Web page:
What Animal Cancers teach us about Human Biology

Patricia Kattner, Katharina Zeiler, Verena J. Herbener, Katia La Ferla-Bröhl, Rebecca Kassubek, Michael Grunert, Oliver Bröhl, Timo Burster, Anna Sarah Weber, Hannah Strobel, Georg Karpel-Massler, Sibylle Ott, Alexa Hagedorn, Daniel Tews, Ansgar Schulz, Vikas Prasad, Markus D. Siegelin, Lisa Nonnenmacher, Pamela Fischer-Posovszky, Marc Eric HalatschKlaus Michael Debatin, Mike Andrew Westhoff

Research output: Contribution to journalReview articlepeer-review


Cancers in animals present a large, underutilized reservoir of biomedical information with critical implication for human oncology and medicine in general. Discussing two distinct areas of tumour biology in non-human hosts, we highlight the importance of these findings for our current understanding of cancer, before proposing a coordinated strategy to harvest biomedical information from non-human resources and translate it into a clinical setting. First, infectious cancers that can be transmitted as allografts between individual hosts, have been identified in four distinct, unrelated groups, dogs, Tasmanian devils, Syrian hamsters and, surprisingly, marine bivalves. These malignancies might hold the key to improving our understanding of the interaction between tumour cell and immune system and, thus, allow us to devise novel treatment strategies that enhance anti-cancer immunosurveillance, as well as suggesting more effective organ and stem cell transplantation strategies. The existence of these malignancies also highlights the need for increased scrutiny when considering the existence of infectious cancers in humans. Second, it has long been understood that no linear relationship exists between the number of cells within an organism and the cancer incidence rate. To resolve what is known as Peto's Paradox, additional anticancer strategies within different species have to be postulated. These naturally occurring idiosyncrasies to avoid carcinogenesis represent novel potential therapeutic strategies.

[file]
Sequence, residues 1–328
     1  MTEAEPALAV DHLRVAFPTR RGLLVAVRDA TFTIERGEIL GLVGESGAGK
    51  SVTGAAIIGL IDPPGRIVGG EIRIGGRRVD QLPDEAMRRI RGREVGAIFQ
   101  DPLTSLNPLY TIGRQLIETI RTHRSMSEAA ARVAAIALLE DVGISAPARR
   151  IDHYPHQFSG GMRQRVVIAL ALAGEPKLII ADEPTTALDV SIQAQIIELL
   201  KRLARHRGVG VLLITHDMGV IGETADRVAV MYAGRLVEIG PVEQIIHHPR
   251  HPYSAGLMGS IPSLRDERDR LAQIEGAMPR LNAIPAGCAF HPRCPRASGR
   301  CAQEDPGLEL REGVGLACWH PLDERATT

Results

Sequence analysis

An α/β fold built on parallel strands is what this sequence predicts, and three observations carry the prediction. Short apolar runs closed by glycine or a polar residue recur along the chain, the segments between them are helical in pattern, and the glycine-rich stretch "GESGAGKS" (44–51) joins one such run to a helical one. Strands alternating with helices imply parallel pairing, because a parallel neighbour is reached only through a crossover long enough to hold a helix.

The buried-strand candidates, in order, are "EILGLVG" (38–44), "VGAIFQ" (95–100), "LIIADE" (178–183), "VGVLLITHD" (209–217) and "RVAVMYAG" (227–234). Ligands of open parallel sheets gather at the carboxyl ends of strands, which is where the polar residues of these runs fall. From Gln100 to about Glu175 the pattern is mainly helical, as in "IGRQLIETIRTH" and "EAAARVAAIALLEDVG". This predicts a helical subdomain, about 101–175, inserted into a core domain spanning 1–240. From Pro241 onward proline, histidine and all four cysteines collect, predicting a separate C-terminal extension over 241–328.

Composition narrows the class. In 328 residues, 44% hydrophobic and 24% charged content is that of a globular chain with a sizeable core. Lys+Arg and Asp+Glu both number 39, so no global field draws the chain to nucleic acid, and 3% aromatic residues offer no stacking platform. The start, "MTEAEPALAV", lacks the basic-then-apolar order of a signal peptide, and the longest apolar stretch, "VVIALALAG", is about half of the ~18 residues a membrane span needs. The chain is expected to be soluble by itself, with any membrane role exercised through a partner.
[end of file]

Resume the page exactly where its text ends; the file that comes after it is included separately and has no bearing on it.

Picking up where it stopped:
Original languageEnglish
Pages (from-to)6682-6702
Number of pages21
Issue number14
Publication statusPublished - 2021


  • anticancer mechanisms
  • infectious tumour
  • non-human malignancies
  • paediatric cancer
  • Peto s paradox
  • transmissible cancer

ASJC Scopus subject areas

  • Medicine (miscellaneous)
  • Pharmacology, Toxicology and Pharmaceutics (miscellaneous)


Dive into the research topics of 'What Animal Cancers teach us about Human Biology'. Together they form a unique fingerprint.

Cite this